Been making some plans with Private Runner Mel(Baaambol) to bust out a clutch job on the EK. Since I was about to do all this work, I decided now is the time to switch out the LS trans for something with shorter gears. I struck a deal with Mel (homie hookup fasho) to take the trans off the B16A swap he recently picked up. He’s working on something for his EF and plans to use the funds on a cable trans while I make use out of the hydro one.

The time finally came to get down and do the work. I came up to Mel’s pad, he had cleared some space in his garage so we had some work room. This meant that his immaculate and freshly painted EF hatch had to come out and see the light of day. I brought all my tools that I thought we’d need and laid them all out. Mel’s homie Ozzy came by to join us. He’s rocking Mel’s old white EF on some Mugens. Pretty cool car, I remember admiring it the first time I saw it without even knowing who it belonged to.

The surgery finally begins on the EK. Immediately out the gate we run into issues with the axle nuts. Ended up making a tool run and buying an Impact gun. This impact gun proved to be very helpful through the rest of the process.

We worked til late, or til we were frozen over since it was a cold night. At one point, we lost all power! Circuit breaker decided to call it a night. No light, no heat, we decided to call it a night as well.

Ozzy left not long after everything went AWOL in the garage. He probably didn’t realize what he was in for when he came over. Mel told him to cruise by so he can hear his exhaust lol. One thing led to another and he was under the car hammering out the bitch pin, among other things. Guess you never know how a night can go when you kick it with some runners.

Oh and for the record, after 3 long nights of work, a few homies coming through to lend a hand and one really shitty tow situation, we got that shit done!

Side note, by PVT Runner:

I too put in some work today, which I feel very accomplished. Did an oil change on the PVT Support Vehicle and changed the suspension on the daily Yaris. No pics, I felt like that isn’t exciting nor interesting as Ian and Mel’s experience. But we share the same aftermath of feeling accomplished at the end. As PVT Ian said, sometimes you just need to get shit done.

I want ahi poke

I always want ahi poke… I eat so much ahi poke, I got mercury poisoning. Anyway.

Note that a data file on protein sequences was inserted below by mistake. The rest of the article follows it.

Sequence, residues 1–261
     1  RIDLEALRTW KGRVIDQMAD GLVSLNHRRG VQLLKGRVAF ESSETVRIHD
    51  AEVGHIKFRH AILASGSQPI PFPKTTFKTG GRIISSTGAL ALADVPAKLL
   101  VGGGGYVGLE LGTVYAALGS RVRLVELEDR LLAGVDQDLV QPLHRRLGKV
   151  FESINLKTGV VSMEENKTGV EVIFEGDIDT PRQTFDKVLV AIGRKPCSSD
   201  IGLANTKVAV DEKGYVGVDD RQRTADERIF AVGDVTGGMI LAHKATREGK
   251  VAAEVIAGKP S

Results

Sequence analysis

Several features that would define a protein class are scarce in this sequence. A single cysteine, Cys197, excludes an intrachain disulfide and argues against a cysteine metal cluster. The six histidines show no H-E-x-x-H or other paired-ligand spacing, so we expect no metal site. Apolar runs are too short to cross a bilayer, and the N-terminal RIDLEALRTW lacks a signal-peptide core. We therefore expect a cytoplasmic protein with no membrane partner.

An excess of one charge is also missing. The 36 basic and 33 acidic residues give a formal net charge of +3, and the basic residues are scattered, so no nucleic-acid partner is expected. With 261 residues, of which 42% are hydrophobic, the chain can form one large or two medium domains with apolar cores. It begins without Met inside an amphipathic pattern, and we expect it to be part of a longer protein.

Whenever I eat Hawaiian food I somehow always think of how I used to visit TeamRice and Dohcresearch religiously, back around 2003ish.

That was my first taste of the Hawaiian car culture. Just as their food is a mixture of different cultures, the way they style their cars has a mixture of different cultures as well. It’s like a cross between JDM style to Islander style with a little mainland love somewhere in there.

Even if the car looks mad ghetto to some, it’s still mad fresh.
Like the car seen here that belonged to a member of Team Ultraspeed back in the day:

Whether there was a meaning behind it or if they just did it to do it because “why not?” it’s something that stands out and catches my eye of interest (maybe they did it to be ratchet?). The fact that it’s rugged and boro boro, that’s what makes it appealing to me. It’s something you do to a car that will be used to take abuse on and off track. Kind of like how kanjozoku’s treat their cars.

That was when Hawaii still had a racetrack…

Another thing about Hawaiian style of tuning that will always attracted my attention in photos is the background. The cars are the cherry on top and the background is the icing. It’s almost like seeing these cars in the wild type of feeling.

Team Ultraspeed is a Virginia based team, but they expanded beyond that. To Hawaii for example. I remember a team profile of them on some old 360vm issue back in the day.

A well known Hawaiian member of Team Ultraspeed owns this famous golden EG

Him and his team owned the blue rugged and raw EG seen above as well. The “boro boro” Civic ended up throwing a rod through the side of the block at a track day. I don’t know what happen to it after that, but I do believe some of it’s parts remain floating around…

“In the early 2000s there were almost no social media, no YouTube how to’s, basically no internet. Hawaii basically was blocked off from the world. We got our inspiration from going out there and experiencing other cultures and bringing back home what we thought were cool. A melting pot of ethnicities also became the melting pot of car culture. Also technology wise, it was and still is, expensive to get new things done and what not, just because we’re out in the middle of the Pacific. So if you see something replicated here like let’s say a k swapped MR2, when they became popular, then chances are, that person went far wide to get it done.” – PVT La Rosa

Amen to that homie.

Thank you Hawaii for always and continuing to inspire me.

Peace.